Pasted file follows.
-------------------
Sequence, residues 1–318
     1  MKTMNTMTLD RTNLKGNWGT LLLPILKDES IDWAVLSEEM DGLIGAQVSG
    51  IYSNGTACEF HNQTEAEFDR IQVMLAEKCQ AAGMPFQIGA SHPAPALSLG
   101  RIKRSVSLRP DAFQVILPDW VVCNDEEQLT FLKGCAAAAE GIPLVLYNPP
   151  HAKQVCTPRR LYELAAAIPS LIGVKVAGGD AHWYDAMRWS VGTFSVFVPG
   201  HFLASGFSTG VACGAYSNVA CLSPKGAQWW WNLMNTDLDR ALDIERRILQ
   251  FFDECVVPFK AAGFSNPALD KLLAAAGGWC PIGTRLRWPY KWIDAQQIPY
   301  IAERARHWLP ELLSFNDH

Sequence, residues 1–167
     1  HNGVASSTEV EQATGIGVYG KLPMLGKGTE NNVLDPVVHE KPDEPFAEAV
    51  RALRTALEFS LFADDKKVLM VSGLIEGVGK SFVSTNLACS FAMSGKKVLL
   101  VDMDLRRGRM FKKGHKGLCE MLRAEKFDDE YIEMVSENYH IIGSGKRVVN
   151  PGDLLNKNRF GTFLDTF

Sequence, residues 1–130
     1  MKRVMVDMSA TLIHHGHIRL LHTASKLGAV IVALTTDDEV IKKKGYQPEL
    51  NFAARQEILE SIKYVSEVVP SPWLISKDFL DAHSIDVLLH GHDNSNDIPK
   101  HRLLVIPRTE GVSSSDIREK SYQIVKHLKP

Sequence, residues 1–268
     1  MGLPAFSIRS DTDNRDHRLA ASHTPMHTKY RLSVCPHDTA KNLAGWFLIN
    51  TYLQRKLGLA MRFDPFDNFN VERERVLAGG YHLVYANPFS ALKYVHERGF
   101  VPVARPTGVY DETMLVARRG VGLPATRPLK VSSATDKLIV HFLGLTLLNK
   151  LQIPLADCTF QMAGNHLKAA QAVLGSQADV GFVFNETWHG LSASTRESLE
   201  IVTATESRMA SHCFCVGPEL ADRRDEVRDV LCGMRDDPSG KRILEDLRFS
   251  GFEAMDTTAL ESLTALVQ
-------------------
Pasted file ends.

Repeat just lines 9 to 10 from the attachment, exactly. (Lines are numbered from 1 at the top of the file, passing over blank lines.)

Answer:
Sequence, residues 1–167
     1  HNGVASSTEV EQATGIGVYG KLPMLGKGTE NNVLDPVVHE KPDEPFAEAV